Valentine’s Day can be dazzling, meh, or terribad, which is my new favorite slang word (get it? terrible + bad). Here are some stats that neatly wrap up these extremes: About 10 percent of all marriage proposals are made on Valentine’s Day, Diamonds.net reports, the most of any day all year. Sweet, right? “But 80 percent of those on the receiving end,’’ the site adds, “feel that this conveys a lack of imagination.’’ Indeed, one recipient, whose V-Day proposal aired on the big screen at a Rangers hockey game (“Melissa, will you be my Blueshirt Bride?’’) gave the guy a scornful look - and walked right out of the stadium as the fans booed.
For some, the safest way to play the day is to deny it. In predominantly Muslim Malaysia, the government has actually campaigned against the holiday. Its origins are judged too Christian, and there’s too much room for sensual shenanigans. In 2011, officials floated this slogan: “Awas Jerat Valentine’s Day’’ (“Beware the Valentine’s Day Trap’’).
So how can you indulge without creating your own trap of raised and dashed expectations? Try giving your sweetheart books about love. Here’s one surefire idea: “All There Is: Love Stories from StoryCorps’’ (Penguin, 2012) by Dave Isay, a collection of gems transcribed from NPR broadcasts of excerpts from the StoryCorps oral-history project wherein various regular Americans interview each other about their lives. Talk about a lump in the throat. I’m not proud; “All There Is’’ made me verklempt a ridiculous amount of times. Love found, lost, and found again, new couples, gay couples, elderly couples, a 9/11 widow, it’s all devastatingly touching.
I love the toll collector who leaves an orange cone in his lane so his girl will know where to pull up (“It’ll be like keeping a candle in the window for you.’’). I love the couple that fell for each other under mortar attack in Iraq; the two who happened to have the same last name, mistakenly got each other’s e-mails, and in the forwarding found their destiny; the Slovak who, in a pivotal romantic moment, tells an American woman he’s in love with: “I am sick of you.’’ He explains: “Translated from Slovak language, that’s how we say ‘I’m lovesick.’ ’’ She jokes: “I decided to give you a second chance anyway.’’
This next title doesn’t flare the same emotional impact, but “A Natural History of Love’’ (Random House, 1994) is still a great choice. Author Diane Ackerman (“A Natural History of the Senses’’) takes on this “ancient delirium’’ with gusto, transporting us through the earliest writings about love (from Egypt) to the greatest flowering of romance (in 11th-century France) to some anatomy (early dissections turned up a nerve that runs from our fourth finger straight to our hearts, which is why it’s the ring finger) to chemistry. That over-the-moon feeling? It’s a one-two of happy-mood oxytocin and the amphetamine-like phenylethylamine (known as PEA). In that wild beginning infatuation phase, sweet PEA is the reason you and your swee’pea could stay up all night talking (or not talking).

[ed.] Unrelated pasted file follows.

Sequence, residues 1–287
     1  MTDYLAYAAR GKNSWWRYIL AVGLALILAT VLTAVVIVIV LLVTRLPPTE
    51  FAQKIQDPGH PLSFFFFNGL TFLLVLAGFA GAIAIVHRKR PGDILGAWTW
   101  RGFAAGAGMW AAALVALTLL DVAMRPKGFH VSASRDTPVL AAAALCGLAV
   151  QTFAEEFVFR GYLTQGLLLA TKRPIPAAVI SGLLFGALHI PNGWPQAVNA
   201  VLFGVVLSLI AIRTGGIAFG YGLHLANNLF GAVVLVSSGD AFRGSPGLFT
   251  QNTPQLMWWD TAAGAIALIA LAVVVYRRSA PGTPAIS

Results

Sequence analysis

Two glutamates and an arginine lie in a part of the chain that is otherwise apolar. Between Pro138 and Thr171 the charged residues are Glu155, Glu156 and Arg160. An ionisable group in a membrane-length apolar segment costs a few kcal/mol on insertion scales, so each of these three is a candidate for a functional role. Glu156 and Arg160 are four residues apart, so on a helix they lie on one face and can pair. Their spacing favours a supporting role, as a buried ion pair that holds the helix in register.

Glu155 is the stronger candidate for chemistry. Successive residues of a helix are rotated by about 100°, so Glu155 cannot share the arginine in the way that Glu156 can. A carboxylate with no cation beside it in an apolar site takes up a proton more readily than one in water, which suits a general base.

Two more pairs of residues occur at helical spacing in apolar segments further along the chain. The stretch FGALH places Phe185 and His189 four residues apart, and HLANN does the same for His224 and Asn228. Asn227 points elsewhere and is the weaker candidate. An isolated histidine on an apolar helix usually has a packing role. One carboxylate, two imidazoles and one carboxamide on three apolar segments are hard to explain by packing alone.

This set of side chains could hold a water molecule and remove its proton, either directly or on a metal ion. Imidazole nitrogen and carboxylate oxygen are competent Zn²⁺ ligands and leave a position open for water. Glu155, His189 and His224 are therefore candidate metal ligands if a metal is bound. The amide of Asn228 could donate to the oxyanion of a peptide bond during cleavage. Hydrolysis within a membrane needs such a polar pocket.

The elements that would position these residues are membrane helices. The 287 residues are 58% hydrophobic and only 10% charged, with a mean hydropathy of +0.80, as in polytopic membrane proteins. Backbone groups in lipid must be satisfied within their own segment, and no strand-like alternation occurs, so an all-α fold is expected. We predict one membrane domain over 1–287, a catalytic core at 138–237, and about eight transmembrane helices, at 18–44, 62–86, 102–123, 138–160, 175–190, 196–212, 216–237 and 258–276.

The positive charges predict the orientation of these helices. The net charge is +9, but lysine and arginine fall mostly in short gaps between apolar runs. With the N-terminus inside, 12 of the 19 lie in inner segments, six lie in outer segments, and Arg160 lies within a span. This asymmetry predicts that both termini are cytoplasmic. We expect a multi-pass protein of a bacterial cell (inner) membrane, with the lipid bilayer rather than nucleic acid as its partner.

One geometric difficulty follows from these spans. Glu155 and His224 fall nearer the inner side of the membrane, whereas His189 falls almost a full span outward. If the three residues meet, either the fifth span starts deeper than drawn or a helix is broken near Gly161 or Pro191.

Speaking of chemistry, if you’re the bold and racy type, present your amour with a copy of “Bonk: The Curious Coupling of Science and Sex’’ (Norton, 2008) by Mary Roach, America’s funniest home science writer. The researchers’ bland euphemisms alone are worth the ticket: couples having sex for Masters and Johnson are “reacting units.’’ Kinsey gets his funding for “mammalian behavior studies.’’ Truthfully, there isn’t much else I can reveal in a family newspaper, but let’s just say here is the place to learn how porcupines manage lovemaking, why short women may experience more pleasure than tall ones, and how 17th century “impotence trials,’’ to prove grounds for divorce, worked in France. (Picture, oh, the Supreme Court and every doctor from your HMO rushing into your bedroom at the crucial moment, carrying clipboards).
For you married valentines, or those considering the rules of engagement, be glad you live in modern times, and not just because impotence trials are gone (viva Viagra!). Rather, realize that the love match is a recent historical addition to wedlock, according to “Marriage, a History: How Love Conquered Marriage’’ (Penguin, 2005). For thousands of years, marriage was mostly about “getting good in-laws and increasing one’s family labor force,’’ says author Stephanie Coontz. She’s highly entertaining on variations on this theme (like the Chinese “ghost marriage’’ in which women “married’’ dead single men, so they could gain auspicious in-laws). Love, as a legit motivation for matrimony, only truly bloomed when wage labor spread during the Enlightenment. Now a man could earn his own money, without being tied to the land, and so he didn’t have to rely on his parents’ approval. Likewise, a woman could earn her own dowry, and thus steer her choice. By the 1850s, many couples were opting for “marriage by fascination,’’ as the French called it. Fascination; whether it’s brought on by true love, dark chocolate, or good books, that’s my wish for you this Valentine’s Day.Katharine Whittemore is a freelance writer based in Northampton. She can be reached at katharine.whittemore @comcast.net.